How Chavismo Makes the Water Taps Run Dry

The water taps are dry and it’s chavismo’s fault, says The Economist.

Photo: Chronicle

Chavismo keeps stunning the world and making headlines with its inefficiency. Stephen Gibbs just published a piece for The Economist about the collapse of the water service in Venezuela:

“Venezuela is an oil-rich country that cannot pay for food and medicines. Now its autocratic regime is showing that it can create shortages even when nature provides abundance. ‘I’ve forgotten what it is like to bathe in running water,’ says Soledad Rodríguez, a graphic designer.”

I found this piece very relatable. I can’t tell you how many times I haven’t had running water in my house while it’s raining outside. Gibbs didn’t cover Ciudad Guayana, so let me add some extra info: My city is literally split by a freaking river and the taps are dry.

And there’s no excuse this time, no Niño to blame. Chavismo’s inefficiency is breaking it’s own records. I asked Stephen if he’d seen anything like it and, to my surprise, he has… after living in Cuba for five years:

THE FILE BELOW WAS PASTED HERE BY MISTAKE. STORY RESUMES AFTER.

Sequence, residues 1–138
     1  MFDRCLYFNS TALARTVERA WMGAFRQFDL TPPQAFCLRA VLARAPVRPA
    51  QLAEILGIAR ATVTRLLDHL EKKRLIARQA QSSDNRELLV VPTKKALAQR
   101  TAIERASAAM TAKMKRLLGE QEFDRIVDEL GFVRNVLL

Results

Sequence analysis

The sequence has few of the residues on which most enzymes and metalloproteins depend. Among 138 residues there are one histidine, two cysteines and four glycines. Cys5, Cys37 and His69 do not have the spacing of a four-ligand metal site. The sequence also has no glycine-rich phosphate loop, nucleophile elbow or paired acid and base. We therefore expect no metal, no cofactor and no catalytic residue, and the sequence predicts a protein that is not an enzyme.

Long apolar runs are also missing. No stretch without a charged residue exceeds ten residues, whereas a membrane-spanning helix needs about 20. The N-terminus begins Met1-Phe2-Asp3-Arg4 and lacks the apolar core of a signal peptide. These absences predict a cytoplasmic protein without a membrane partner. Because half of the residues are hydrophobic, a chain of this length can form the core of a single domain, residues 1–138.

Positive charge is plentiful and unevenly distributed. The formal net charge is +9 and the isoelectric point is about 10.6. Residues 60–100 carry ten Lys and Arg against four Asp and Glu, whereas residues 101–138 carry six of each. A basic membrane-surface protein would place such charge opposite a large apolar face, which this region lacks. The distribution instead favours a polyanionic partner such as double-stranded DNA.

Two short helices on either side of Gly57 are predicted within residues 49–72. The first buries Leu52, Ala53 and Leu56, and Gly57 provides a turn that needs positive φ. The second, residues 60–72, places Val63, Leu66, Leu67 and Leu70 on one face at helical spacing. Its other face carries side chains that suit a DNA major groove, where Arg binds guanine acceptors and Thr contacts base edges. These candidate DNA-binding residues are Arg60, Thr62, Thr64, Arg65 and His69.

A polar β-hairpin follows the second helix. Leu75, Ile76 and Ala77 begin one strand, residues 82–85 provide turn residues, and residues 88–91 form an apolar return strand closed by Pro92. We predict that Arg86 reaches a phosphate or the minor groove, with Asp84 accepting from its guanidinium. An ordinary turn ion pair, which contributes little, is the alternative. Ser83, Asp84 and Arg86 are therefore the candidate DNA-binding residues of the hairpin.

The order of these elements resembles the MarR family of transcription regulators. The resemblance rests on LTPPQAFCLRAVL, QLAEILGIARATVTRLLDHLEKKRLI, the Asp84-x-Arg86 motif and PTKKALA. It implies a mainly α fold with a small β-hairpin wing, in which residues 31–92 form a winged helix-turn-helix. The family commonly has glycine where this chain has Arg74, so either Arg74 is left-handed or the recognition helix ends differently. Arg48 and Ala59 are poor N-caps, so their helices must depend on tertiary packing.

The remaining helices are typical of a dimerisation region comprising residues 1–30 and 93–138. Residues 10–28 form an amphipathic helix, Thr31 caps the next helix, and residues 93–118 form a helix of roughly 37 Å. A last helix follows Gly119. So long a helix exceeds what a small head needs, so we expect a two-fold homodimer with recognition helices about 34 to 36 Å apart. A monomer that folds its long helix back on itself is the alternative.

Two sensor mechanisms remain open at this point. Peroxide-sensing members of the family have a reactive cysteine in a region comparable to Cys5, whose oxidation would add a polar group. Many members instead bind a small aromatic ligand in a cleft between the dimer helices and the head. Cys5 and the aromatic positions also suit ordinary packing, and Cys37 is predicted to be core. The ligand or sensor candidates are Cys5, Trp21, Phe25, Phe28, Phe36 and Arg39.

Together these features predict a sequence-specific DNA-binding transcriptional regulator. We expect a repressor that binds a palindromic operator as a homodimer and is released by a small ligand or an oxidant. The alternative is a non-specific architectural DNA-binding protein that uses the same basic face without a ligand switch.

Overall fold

“People just get used to it, it becomes the new normal, and you see it here (…) It happens slowly enough so people don’t realize how things are deteriorating, and celebrate the arrival of a water truck, rather than see it as a symptom of a system (water supply) that’s not working.”

And that’s the thing, how do you not adapt? How do you block that relief inside when the water truck comes after a week?

You should read the whole article here. They’ve got testimonies, interviews from ex workers at Hidrocapital, and they blame Chávez for good measure, which is always cool.

(By the way, remember when we made the headlines for good things? Me neither.)

Carlos Hernández

Ciudad Guayana economist moonlighting as the keyboardist of a progressive power metal band. Carlos knows how to play Truco. 4 8 15 16 23 42